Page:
The first part of the problem is that the debt ceiling keeps going up.  Government can't trust itself to rein in its own spending - even the massive slash of $80 billion from the spending budget won't dent it - and so they keep finding themselves pushing the cap higher.  This becomes an even bigger problem because the Small Government Libertarians and (and their Teabagger poseurs who ride on the reputation of "fiscal responsibility") view it as Big Government excess.  And they want to vote against raising the debt ceiling again... which has to be done before July of this year.

And here's the biggest problem of all: if the libertarian/Teabagger contingent in Congress has their way - and it's possible - and they vote to stop raising the debt ceiling by July... that next sound you hear will be THE ENTIRE GLOBAL ECONOMY CRASHING TO A HALT.

This is serious.  If the debt ceiling is capped, it forces the creditors that have been lending the U.S. any money to start calling in their loans... their ENTIRE loans, not just monthly payments or something.  This means multinational banks, foreign governments, and others I haven't thought of for this list can declare the U.S. in default.  If that happens, things like Treasury bonds would lose value I think...  The next thing that could happen is that the U.S., in order to raise funds to pay those bills, would call in OUR loans to other nations borrowing from us, and cause the same financial crisis in their governments.  It would be a cascade effect: every nation scrambling to get their financial houses in order... and a lot of them CAN'T because they've been massively borrowing money as well.  And this isn't even going into how this would affect the private sectors: commodities markets will freak out; trade could get affected by sudden tariff increases or with governments unable to purchase goods; and global stock markets would crash as the faith in governments to maintain fiscal stability disappears, as things like government bonds lose value, etc.  (NOTE: I am not an economist, I am not entirely sure what WILL happen if this occurs.  All I do know is, based on how the economists dread this, it's Explode-The-Planet-BAD).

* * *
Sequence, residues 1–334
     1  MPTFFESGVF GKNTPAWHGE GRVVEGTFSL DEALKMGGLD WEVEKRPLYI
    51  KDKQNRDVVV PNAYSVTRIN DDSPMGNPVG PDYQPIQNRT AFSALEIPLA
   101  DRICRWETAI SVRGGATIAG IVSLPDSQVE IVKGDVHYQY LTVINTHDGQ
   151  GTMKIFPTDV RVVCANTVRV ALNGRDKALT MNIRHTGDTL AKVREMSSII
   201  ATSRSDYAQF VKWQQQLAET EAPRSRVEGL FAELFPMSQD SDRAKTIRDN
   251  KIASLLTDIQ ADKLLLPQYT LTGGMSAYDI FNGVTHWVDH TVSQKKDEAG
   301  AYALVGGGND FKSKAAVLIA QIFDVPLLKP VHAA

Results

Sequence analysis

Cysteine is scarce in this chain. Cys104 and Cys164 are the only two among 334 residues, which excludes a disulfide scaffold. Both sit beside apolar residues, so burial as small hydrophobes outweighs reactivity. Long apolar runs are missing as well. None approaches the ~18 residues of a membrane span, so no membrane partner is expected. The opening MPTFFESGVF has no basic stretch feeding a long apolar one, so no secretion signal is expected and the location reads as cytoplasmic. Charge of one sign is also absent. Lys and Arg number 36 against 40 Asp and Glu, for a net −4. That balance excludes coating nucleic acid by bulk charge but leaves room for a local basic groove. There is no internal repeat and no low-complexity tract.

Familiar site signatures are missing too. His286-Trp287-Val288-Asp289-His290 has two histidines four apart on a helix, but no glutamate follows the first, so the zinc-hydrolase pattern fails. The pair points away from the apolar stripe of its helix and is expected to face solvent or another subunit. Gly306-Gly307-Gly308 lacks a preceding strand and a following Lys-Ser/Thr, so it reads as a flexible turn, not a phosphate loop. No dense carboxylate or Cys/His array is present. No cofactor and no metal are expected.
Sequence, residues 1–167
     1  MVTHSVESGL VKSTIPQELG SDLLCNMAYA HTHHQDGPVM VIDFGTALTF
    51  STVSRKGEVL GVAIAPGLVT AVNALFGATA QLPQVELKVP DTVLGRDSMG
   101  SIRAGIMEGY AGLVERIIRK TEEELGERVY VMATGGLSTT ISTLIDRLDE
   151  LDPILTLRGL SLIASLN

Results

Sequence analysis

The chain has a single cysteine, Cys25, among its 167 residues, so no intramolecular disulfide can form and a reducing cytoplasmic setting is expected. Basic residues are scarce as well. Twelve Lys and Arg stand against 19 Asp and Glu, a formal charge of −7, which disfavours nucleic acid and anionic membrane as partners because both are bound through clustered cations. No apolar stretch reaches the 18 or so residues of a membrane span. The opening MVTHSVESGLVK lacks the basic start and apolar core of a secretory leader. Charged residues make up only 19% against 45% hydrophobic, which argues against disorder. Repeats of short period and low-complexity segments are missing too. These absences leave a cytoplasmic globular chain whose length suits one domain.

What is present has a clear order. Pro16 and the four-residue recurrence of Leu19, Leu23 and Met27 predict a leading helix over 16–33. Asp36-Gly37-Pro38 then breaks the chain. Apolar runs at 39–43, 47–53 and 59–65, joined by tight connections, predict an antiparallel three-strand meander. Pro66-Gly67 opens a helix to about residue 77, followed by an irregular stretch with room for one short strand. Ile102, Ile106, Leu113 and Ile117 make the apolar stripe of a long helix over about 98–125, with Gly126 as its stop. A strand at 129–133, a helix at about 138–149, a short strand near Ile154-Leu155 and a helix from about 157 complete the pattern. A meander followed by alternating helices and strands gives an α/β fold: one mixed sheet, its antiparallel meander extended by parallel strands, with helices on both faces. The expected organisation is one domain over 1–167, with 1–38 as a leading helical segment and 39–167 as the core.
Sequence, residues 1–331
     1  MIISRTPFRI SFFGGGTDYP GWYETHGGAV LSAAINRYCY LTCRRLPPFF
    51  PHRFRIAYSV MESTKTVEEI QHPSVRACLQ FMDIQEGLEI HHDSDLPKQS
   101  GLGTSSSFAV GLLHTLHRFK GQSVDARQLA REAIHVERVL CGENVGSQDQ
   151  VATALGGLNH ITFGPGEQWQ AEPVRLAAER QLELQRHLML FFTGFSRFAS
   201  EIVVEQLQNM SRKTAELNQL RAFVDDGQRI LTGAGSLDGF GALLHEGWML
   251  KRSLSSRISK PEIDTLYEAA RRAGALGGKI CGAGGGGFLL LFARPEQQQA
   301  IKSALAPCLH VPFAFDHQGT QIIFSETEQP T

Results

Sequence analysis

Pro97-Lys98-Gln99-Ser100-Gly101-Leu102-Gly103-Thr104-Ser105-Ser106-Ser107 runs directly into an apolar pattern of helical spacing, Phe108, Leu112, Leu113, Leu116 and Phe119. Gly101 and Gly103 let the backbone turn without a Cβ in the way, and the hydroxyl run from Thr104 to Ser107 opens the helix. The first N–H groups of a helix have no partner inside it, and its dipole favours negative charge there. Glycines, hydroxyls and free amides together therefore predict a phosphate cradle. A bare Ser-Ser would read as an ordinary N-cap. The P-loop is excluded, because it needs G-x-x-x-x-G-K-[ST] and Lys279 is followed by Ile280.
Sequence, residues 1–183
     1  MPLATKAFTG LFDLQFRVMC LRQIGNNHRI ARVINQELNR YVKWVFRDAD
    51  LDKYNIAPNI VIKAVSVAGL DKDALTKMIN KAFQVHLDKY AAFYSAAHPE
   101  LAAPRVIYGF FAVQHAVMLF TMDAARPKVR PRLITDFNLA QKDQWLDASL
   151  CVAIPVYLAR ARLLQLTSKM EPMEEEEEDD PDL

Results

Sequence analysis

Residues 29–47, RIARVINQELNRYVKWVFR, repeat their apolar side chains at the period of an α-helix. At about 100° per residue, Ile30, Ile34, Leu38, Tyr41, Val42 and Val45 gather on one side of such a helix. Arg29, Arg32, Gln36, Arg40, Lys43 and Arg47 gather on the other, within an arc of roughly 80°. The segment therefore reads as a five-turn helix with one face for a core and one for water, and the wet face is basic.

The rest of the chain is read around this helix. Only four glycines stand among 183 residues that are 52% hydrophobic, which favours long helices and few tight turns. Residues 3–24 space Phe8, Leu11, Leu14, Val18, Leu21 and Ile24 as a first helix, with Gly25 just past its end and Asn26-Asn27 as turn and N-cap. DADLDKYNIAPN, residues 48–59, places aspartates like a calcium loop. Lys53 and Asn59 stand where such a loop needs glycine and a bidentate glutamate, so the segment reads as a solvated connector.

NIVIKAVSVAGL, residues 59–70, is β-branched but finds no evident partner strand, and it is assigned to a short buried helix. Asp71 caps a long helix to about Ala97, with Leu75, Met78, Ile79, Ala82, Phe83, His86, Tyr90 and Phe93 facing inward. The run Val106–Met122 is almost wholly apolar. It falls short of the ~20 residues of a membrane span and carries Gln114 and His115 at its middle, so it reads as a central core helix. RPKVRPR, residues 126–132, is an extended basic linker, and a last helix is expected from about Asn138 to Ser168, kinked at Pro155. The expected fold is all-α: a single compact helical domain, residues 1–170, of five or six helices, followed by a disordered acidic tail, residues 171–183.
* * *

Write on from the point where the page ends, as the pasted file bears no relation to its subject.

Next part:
Now, this is the worst-case-scenario.  The good news about this is, even the Republicans are not this batshit crazy to pull that stunt... mostly.  The party leadership surely isn't: Boehner openly opposes the cap effort; Republican Senators clearly oppose it, and the Far Right media have mostly spoken against any move to cap the debt ceiling.

The bad news to that is, there may be enough Republican House representatives who ARE batshit crazy enough to go against their own party leadership on this one.  Because they are true Teabaggers who are clearly upset with the whole idea of Big Government and who think this is a way to bring it all down.  Or worse...

We're now in an era of Budget Brinkmanship: the idea that one side (say, Republicans) has to force things to the edge of a cliff of impending doom in order to get what they want.  It works especially well when the opposing party (The Democrats) genuinely believe in compromise in order to get things done, and who also fear being on the wrong side of anything (say, being on the side for tax increases, because Democrats really believe Mondale got creamed in the 1984 elections because of the tax issue... instead of Mondale being a weak campaigner going against a populist President...).  You saw it here with the shutdown crisis: rather than risk the calamity of an economic disaster of a gov't shutdown, Obama and Reid were willing to give up tons of spending for social services while the Republicans "promised" not to go after particular hot-topic services like Planned Parenthood.

What could well happen with the debt ceiling debate that's impending is that the Far Right in the House will push for an extremist position in exchange for their vote on letting the debt ceiling go up.  The extremist stuff could be another attempt to push a pro-life agenda on a nation that's not even interested in the abortion debate anymore.  Or it could be something else that would be disastrous for a majority of Americans, something the Democrats could abide parting with if it meant saving the global economy.  The Democrats, after a show in public of being outraged, would well concede the matter in the belief that 1) it will save the world and 2) the voters will forgive the Dems on the matter and blame the Republicans for their bullshit agenda come the next election cycle.  And the Far Right could well win another serious conflict, much to the chagrin of the American public.

But there's only so many times you can push someone to the brink.  At some point, the Democrats are going to have to wake up to the fact that there's little left they can surrender to the Republicans.  The debt ceiling debate could be one bridge too far: Obama, Reid, and the other Democratic leaders may figure to themselves "Screw it.  The Republicans are threatening to refuse to raise the debt ceiling, unless we give them EVERYTHING they want?  They wouldn't do it.  They wouldn't DARE push the shiny red button of global destruction like that.  If the vote came up, there's every chance they'll waver.  So let's not give them anything THIS TIME.  Let's see if the Republicans REALLY ARE crazy enough to kill the economy..."

On something as deadly serious as the debt ceiling (even considering how singularly small the vote looks on paper), the Democrats could grow a spine.  They could say, "Let's vote," and then have the Dems all vote quickly FOR the debt ceiling to go up, and let the Republicans stew as they start realizing that if enough of them vote AGAINST the debt ceiling going up it will be all on the Republicans' heads...

It's a tricky game, isn't it, of "Let's Blow Up The World."  At some point, the only winning move is not to play...